Current Forestry Reports

, Volume 3, Issue 1, pp 32–45 | Cite as

Methods for Mapping Forest Disturbance and Degradation from Optical Earth Observation Data: a Review

  • Manuela HirschmuglEmail author
  • Heinz Gallaun
  • Matthias Dees
  • Pawan Datta
  • Janik Deutscher
  • Nikos Koutsias
  • Mathias Schardt
Remote Sensing (P Bunting, Section Editor)
Part of the following topical collections:
  1. Topical Collection on Remote Sensing


Purpose of Review

This paper presents a review of the current state of the art in remote sensing-based monitoring of forest disturbances and forest degradation from optical Earth Observation data. Part one comprises an overview and tabular description of currently available optical remote sensing sensors, which can be used for forest disturbance and degradation mapping. Part two reviews the two main categories of existing mapping approaches: first, classical image-to-image change detection and second, time series analysis.

Recent Findings

With the launch of the Sentinel-2a satellite and available Landsat imagery, time series analysis has become the most promising but also most demanding category of degradation mapping approaches. Four time series classification methods are distinguished. The methods are explained and their benefits and drawbacks are discussed. A separate chapter presents a number of recent forest degradation mapping studies for two different ecosystems: temperate forests with a geographical focus on Europe and tropical forests with a geographical focus on Africa.


The review revealed that a wide variety of methods for the detection of forest degradation is already available. Today, the main challenge is to transfer these approaches to high-resolution time series data from multiple sensors. Future research should also focus on the classification of disturbance types and the development of robust up-scalable methods to enable near real-time disturbance mapping in support of operational reactive measures.


Forest degradation Disturbance mapping Remote sensing Time series Forest monitoring 



This project has received funding from the European Union’s Horizon 2020 research and innovation program under grant agreement no. 685761 (EOMonDIS) as well as under grant agreement no. 633464 (DIABOLO). The study in the Republic of Congo was performed within the project GSE-Forest Monitoring REDD Extension Services, financed by ESA. The study in Democratic Republic of Congo was funded by the 7th Framework Programme of the European Commission under grant agreement no. 263075 (ReCover). The study in Cameroon and Central African Republic was funded by the 7th Framework Programme of the European Commission under grant agreement no. 262775 (REDDAf).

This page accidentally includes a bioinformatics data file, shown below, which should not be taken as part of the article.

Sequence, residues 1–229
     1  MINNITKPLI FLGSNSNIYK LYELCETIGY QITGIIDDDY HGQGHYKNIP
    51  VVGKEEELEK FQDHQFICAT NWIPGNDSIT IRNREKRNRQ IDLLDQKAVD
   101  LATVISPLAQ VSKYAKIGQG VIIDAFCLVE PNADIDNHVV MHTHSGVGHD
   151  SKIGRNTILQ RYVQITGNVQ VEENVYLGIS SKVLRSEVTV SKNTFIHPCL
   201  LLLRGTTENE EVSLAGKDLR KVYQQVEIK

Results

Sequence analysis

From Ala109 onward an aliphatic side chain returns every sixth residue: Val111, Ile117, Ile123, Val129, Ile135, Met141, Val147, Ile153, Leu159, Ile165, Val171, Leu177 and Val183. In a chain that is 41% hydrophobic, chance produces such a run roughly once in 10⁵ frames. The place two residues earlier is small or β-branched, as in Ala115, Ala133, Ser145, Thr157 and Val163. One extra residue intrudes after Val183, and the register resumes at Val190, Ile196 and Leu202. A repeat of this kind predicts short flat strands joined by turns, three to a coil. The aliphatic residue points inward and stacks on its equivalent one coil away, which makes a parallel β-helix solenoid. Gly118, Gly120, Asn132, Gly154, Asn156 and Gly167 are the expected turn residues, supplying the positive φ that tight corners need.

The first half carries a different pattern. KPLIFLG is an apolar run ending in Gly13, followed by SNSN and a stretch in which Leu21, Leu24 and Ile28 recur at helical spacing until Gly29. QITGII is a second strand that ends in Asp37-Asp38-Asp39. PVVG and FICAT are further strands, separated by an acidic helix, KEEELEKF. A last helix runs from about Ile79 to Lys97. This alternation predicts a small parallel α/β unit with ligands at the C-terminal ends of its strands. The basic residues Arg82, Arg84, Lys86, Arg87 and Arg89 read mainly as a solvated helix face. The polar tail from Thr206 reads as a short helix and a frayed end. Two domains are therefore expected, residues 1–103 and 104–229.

Compliance with Ethical Standards

Conflict of Interest

Drs Hirschmugl, Gallaun, Dees, Datta, Deutscher, Koutsias, Schardt declare no conflicts of interest.

Human and Animal Rights and Informed Consent

This article does not contain any studies with human or animal subjects performed by any of the authors.


Papers of particular interest, published recently, have been highlighted as: • Of importance •• Of major importance

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Copyright information

© Springer International Publishing AG 2017

Authors and Affiliations

  • Manuela Hirschmugl
    • 1
    Email author
  • Heinz Gallaun
    • 1
  • Matthias Dees
    • 2
  • Pawan Datta
    • 2
  • Janik Deutscher
    • 1
  • Nikos Koutsias
    • 3
  • Mathias Schardt
    • 1
  1. 1.Remote Sensing and Geoinformation, JOANNEUM RESEARCHGrazAustria
  2. 2.Remote Sensing and Forest Information SystemsAlbert-Ludwigs-University FreiburgFreiburgGermany
  3. 3.Department of Environmental and Natural Resources ManagementUniversity of PatrasAgrinioGreece

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